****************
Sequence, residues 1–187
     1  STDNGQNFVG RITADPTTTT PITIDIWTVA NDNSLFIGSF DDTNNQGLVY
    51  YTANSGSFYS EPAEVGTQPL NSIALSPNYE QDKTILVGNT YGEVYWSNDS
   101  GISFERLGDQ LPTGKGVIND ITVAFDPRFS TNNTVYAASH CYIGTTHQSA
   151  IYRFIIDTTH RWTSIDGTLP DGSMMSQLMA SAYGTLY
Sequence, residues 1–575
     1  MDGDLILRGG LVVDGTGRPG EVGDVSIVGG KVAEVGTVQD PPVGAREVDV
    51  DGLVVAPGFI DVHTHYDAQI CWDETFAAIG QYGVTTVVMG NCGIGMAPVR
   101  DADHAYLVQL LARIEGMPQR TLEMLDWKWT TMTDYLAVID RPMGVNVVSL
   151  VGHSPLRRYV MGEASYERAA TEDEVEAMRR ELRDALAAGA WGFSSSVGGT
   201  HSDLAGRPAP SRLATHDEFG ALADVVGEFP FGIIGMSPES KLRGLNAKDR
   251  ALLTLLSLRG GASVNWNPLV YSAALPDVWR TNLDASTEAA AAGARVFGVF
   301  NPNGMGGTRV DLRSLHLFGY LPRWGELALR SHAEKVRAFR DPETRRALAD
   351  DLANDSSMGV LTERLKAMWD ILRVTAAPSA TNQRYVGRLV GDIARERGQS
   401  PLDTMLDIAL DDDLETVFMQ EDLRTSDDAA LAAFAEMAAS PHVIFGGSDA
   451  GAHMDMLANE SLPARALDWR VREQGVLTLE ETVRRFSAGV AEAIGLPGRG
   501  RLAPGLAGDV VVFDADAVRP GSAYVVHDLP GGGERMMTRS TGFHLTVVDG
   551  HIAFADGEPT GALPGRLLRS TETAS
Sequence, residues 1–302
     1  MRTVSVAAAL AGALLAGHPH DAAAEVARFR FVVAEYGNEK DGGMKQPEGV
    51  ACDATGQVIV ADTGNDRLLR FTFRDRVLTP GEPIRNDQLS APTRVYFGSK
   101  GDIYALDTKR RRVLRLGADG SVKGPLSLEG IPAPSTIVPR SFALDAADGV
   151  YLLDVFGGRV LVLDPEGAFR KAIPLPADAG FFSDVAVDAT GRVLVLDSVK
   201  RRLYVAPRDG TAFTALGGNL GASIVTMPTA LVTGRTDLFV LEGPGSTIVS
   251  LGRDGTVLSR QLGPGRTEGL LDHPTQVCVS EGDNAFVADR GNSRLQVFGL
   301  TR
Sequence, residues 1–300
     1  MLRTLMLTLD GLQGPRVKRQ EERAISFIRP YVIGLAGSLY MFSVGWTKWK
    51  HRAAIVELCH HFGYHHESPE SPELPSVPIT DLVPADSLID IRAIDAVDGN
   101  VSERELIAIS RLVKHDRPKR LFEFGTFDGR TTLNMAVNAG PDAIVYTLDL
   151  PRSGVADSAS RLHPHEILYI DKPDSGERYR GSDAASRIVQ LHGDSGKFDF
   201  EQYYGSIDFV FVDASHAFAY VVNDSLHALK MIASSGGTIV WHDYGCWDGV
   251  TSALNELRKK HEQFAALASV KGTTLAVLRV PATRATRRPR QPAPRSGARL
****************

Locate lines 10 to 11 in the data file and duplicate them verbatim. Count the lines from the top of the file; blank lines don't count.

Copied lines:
   151  VGHSPLRRYV MGEASYERAA TEDEVEAMRR ELRDALAAGA WGFSSSVGGT
   201  HSDLAGRPAP SRLATHDEFG ALADVVGEFP FGIIGMSPES KLRGLNAKDR